Thesis Statement Writing

Tips and Examples for Writing Thesis Statements

A thesis statement is a one-sentence summary of your research paper. It’s the heart of your paper, and it communicates the main idea and purpose of your essay to the reader. There are many tips and examples for writing thesis statements. In this article, I’ll be sharing the most common strategies that you can use when crafting your own.

Decide on the main topic of your paper

Your thesis statement should be closely tied to the topic you’ve chosen. If it’s not, then there will probably be a mismatch between the content and purpose of your paper, and this could result in confusion for the reader. So, before writing anything else, make sure that you’ve chosen a topic that you’re familiar with and that is manageable for your research paper.

For example, if you’ve chosen the topic of “the effectiveness of using incentives to improve employee performance,” then your thesis statement could be:

“Employee performance can be improved by offering incentives.”

State a clear position on your main topic

Your thesis statement should reflect a position that you will argue for. It should not be a simple summary of your topic, nor should it be an “inconclusive” statement like “this is the most likely outcome. Instead, present yourself as someone knowledgeable about this subject and explain why you can make these claims based on research or observation.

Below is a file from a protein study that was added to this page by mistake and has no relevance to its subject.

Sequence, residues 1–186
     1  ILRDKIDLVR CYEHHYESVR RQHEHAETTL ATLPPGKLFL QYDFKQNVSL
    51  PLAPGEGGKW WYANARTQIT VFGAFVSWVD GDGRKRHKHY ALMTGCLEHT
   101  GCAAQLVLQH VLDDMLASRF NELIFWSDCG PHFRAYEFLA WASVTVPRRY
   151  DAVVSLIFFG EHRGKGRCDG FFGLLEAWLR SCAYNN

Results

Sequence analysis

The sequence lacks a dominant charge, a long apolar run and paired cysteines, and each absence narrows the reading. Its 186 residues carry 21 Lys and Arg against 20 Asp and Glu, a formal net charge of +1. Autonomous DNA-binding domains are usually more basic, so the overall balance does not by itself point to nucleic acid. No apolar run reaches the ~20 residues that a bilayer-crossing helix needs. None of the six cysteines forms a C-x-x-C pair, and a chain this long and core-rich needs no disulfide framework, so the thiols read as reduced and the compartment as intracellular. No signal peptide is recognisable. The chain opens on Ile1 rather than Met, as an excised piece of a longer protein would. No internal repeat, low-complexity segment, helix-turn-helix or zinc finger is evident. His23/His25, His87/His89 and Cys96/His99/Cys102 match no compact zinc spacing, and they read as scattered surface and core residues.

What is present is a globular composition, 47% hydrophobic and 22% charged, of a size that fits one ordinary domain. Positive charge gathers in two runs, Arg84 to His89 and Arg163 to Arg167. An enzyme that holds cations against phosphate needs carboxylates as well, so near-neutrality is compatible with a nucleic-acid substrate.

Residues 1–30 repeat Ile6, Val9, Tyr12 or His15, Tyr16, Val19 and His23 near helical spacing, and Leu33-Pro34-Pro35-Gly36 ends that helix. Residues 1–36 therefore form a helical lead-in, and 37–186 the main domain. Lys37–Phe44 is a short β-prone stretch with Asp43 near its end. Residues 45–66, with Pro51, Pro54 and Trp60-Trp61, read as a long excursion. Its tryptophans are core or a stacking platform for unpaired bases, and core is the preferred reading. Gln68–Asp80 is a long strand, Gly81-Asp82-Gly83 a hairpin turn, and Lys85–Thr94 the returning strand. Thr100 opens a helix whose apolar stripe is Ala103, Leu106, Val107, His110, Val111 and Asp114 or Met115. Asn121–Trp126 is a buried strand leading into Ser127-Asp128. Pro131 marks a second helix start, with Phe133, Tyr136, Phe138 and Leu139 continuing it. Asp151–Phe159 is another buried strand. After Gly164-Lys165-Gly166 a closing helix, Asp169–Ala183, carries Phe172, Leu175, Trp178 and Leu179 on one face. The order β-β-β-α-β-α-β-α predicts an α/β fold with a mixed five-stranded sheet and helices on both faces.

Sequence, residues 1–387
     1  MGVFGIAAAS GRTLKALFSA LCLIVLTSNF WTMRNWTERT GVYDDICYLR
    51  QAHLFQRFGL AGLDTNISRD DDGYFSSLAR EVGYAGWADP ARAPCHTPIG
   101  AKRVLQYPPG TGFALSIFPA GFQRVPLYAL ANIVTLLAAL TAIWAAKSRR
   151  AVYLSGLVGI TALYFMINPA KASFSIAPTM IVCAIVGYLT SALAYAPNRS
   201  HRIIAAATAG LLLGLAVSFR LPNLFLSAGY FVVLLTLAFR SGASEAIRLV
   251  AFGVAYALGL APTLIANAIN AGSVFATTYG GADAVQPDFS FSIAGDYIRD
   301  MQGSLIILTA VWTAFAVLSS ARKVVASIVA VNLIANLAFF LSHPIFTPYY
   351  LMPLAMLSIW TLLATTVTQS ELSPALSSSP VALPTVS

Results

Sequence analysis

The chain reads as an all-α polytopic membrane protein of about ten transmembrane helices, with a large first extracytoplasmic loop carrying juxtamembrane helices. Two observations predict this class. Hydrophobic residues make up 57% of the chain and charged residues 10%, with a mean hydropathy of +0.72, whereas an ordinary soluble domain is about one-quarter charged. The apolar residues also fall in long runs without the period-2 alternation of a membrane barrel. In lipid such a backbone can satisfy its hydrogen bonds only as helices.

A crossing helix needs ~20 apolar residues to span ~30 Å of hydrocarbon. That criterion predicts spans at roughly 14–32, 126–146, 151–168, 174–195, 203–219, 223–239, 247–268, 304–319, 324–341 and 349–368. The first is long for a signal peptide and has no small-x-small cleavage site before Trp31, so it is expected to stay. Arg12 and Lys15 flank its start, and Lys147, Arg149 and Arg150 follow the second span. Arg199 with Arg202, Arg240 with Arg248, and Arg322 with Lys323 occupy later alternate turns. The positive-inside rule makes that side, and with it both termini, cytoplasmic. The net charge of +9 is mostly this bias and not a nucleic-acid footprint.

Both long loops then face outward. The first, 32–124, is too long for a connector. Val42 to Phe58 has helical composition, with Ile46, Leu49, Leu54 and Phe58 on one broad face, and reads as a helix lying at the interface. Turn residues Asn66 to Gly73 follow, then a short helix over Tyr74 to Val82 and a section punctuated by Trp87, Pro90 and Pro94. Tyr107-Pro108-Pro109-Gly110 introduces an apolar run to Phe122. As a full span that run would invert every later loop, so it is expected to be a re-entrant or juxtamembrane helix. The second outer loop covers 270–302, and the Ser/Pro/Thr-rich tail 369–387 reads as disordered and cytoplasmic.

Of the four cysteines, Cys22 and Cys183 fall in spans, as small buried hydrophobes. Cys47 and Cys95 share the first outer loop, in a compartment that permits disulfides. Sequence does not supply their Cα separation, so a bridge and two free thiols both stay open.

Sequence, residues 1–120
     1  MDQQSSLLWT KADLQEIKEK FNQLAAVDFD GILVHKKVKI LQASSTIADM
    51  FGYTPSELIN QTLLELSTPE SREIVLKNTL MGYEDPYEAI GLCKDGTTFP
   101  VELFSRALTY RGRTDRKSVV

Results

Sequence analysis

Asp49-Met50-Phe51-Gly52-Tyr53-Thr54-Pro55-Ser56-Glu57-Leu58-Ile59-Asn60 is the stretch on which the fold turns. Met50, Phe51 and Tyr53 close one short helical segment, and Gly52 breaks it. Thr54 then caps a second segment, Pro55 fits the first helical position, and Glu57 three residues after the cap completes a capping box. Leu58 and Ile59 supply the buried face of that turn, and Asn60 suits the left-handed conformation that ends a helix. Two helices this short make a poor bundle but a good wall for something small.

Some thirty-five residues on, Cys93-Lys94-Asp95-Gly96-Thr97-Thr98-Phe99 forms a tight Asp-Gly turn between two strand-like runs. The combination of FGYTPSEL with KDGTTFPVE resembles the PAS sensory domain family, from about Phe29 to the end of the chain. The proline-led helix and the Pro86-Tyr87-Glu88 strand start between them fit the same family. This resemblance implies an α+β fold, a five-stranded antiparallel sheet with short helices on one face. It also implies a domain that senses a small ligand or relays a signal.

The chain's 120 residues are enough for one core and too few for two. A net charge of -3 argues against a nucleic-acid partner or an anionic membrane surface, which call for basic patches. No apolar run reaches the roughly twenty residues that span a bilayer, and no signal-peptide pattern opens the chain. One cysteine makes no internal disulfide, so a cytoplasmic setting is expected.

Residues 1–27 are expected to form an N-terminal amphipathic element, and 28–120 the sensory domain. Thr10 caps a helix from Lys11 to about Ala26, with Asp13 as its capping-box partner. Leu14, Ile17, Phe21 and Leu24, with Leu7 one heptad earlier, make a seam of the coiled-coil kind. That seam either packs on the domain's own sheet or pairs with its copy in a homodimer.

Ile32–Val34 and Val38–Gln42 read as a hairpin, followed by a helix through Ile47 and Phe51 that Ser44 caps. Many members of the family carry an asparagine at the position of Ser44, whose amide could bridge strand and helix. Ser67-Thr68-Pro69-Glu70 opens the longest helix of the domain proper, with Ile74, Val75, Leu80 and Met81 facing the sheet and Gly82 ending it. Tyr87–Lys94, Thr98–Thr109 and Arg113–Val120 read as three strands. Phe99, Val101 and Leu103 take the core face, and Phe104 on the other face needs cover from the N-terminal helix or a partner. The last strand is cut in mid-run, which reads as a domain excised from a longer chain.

For example, let’s say that your thesis statement was “Employee performance is improved through incentives.” Then the logical follow-up question for your reader would be “how do you know?” So, your thesis statement should include a position that you can support with evidence.

“Many studies have found that offering incentives increase employee performance.”

Use plenty of evidence

Your thesis statement should include relevant evidence that you can back up with sources, so having at least two is the best option. And you should find different types of evidence to use, such as statistics, expert testimony (from someone who has studied your topic extensively), and stories (which are sometimes called exemplars).

For example, you might write something like this:

“According to Dr. Mason, an expert in the field of organic chemistry, offering incentives has been found to improve employee performance.”

Be sure that your thesis statement is debatable

Your thesis statement should be able to elicit debates about its topic or prompt further research. It should be a statement that leaves room for discussion and new information. So, if you instinctively feel like your thesis statement “isn’t enough” or if it seems very obvious, then you’re probably on the right track.

In other words, avoid writing things along the lines of “Democracy is important.” In most cases, this type of statement isn’t debatable. Instead, try something that is more along the lines of “Democracy is important, but there are also risks associated with it.”

Make your thesis statement precise and specific

Your reader should be able to look at your thesis statement and say exactly what you’re arguing for by the end of the first paragraph of your paper. So, you should avoid broad or ambiguous words like “the” or “it.”

Instead, use something like “in XYZ study by XYZ author, it was found that… (and then present the evidence).” If you can’t do this accurately in just one sentence, then it will be difficult to convince readers why your topic is worth exploring in the first place.

For example, you might write something like this:

“According to The Atlantic, offering incentives has been found to increase employee performance by an average of 20%.”

Make sure your thesis statement can be backed up with evidence